The definition given by Das and Handfield and describes JIT in such a way that it can help in systematically improving the business processes of an organization in every way, whether it is supplier relationship management (SRM), customer relationship management (CRM), maintaining the cost drivers in the supply chain, inventory management or any other activity. Looking at this JIT can look at all the other alternative approaches and strategies and supervise them.

Six Sigma
Magnusson et al defines that idea of six sigma is to have proficient production processes on a constant and increasing scale with no deviations that disrupt the flow. With no digression from the actual production procedure, six sigma aims to develop products with excellence which ultimately prove to be profitable. The concept is aimed at not only satisfying the customer but delighting the customer. However the six sigma allows only a variance of 3.4 PPM (parts per million) (Magnusson et al, 2003 cited by Andersson, 2006)

In another definition Peter Pande and Larry Holpp defines six sigma as a customer focused business enhancement tool which gets rid of the non value added elements in all the business operations. This in return improves lead times, flaws in the products and a delighted customer. Pande and Holpp further state that six sigma does not only improves the quality of a product it improves the business.(Pande, 2002) (Pande, 2000)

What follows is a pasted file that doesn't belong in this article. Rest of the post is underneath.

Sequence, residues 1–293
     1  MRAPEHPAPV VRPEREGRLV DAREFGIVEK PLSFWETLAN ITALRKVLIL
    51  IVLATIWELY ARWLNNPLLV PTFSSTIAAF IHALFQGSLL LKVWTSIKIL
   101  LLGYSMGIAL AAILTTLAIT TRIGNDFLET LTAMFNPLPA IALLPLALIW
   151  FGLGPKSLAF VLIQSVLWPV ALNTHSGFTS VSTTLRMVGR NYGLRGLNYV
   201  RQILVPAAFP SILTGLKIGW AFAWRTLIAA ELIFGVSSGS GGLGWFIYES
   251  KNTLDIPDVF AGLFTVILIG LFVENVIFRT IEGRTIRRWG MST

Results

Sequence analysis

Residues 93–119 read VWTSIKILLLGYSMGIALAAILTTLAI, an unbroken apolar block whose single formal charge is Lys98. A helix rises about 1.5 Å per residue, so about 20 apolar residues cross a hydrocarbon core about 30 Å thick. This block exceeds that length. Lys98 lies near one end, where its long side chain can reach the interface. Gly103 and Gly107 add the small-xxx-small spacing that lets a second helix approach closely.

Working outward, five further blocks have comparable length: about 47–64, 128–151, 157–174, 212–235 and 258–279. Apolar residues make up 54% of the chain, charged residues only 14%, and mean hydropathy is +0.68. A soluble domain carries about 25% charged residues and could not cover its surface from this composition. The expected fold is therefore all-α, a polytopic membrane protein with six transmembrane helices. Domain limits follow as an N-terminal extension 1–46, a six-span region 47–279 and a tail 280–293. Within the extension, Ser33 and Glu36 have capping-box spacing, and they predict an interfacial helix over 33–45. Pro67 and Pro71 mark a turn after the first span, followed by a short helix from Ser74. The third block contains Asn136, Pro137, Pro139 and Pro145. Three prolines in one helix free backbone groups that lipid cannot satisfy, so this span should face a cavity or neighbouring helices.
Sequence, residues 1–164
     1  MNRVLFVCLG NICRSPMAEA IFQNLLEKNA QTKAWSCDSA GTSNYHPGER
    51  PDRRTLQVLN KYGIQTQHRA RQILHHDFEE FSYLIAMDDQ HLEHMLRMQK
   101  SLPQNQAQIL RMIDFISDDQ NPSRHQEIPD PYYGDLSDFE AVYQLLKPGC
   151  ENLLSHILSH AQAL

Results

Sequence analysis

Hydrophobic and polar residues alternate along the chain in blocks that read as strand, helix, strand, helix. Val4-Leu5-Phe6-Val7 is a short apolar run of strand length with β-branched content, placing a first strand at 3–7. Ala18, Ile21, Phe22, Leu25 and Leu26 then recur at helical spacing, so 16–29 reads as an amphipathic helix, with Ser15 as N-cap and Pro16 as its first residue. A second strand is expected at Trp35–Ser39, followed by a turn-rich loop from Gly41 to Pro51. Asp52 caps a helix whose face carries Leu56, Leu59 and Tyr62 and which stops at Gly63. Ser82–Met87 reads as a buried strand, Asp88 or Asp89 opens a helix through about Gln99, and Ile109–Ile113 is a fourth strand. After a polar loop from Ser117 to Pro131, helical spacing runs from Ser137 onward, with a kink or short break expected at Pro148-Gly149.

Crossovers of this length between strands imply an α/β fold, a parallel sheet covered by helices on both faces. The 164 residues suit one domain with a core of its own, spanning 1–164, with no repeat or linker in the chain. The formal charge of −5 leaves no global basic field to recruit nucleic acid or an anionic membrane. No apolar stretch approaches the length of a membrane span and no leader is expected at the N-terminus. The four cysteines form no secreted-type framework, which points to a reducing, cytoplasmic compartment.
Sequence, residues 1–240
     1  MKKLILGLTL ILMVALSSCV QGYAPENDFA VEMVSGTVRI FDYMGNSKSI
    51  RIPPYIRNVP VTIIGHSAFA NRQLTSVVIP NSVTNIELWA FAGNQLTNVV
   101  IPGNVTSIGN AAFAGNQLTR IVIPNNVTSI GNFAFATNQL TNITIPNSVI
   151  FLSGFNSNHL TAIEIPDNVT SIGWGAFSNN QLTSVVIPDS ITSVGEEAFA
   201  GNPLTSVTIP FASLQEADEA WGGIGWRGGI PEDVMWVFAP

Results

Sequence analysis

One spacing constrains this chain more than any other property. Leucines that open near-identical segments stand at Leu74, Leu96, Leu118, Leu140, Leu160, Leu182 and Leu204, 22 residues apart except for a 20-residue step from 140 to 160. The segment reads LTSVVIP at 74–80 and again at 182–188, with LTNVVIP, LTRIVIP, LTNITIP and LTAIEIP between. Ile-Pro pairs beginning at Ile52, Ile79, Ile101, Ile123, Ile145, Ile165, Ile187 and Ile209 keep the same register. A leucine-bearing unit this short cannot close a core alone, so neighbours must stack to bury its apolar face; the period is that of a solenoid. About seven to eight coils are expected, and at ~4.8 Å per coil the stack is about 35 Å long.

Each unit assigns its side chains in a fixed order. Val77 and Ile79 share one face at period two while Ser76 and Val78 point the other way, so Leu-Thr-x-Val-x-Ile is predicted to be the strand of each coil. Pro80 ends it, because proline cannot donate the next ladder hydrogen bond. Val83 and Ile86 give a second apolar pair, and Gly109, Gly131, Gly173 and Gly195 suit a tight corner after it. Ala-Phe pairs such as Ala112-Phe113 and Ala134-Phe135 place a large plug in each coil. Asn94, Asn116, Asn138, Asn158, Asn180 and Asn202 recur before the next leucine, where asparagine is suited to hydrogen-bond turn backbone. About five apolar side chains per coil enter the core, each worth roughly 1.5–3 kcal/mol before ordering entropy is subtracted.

Supplier Relationship Management


Supplier Relationship Management (SRM) is an important part of SCM which focuses on treating suppliers as partners. Moreover, according to an example of Toyota who is known for treating suppliers as partners as the success factor for their business. Mr. John Hunter writes that Toyota Motors used to procure elbow joints from a small supplier who later on told Toyota Motors regarding the problems which were being faced by him and could not carry on producing elbow joints for Toyota. Toyota keeping in mind that the supplier was a relatively small one and could have let him go instead they pooled in their resources tohelp the supplier in order to eliminate the difficulties. (Hunter, 2005)

According to the Office of Government Commerce (OGC) of United Kingdom, The constant monitoring and adherence to changes in dimension of relationships within ones business is what describes supplier relationship management. The aim of this approach is to develop a successful overall relationship between the supplier and the buying organization apart from just being able to manage solitary contracts. The SRM creates a foundation for your agreements and dealings with your suppliers and helps in determining what type of a relationship the organization has maintained with its fellow suppliers. It helps supplement future contracts by identifying and providing solutions to complications within and outside of ones organization with respect to the suppliers. (Office of Government Commerce, UK)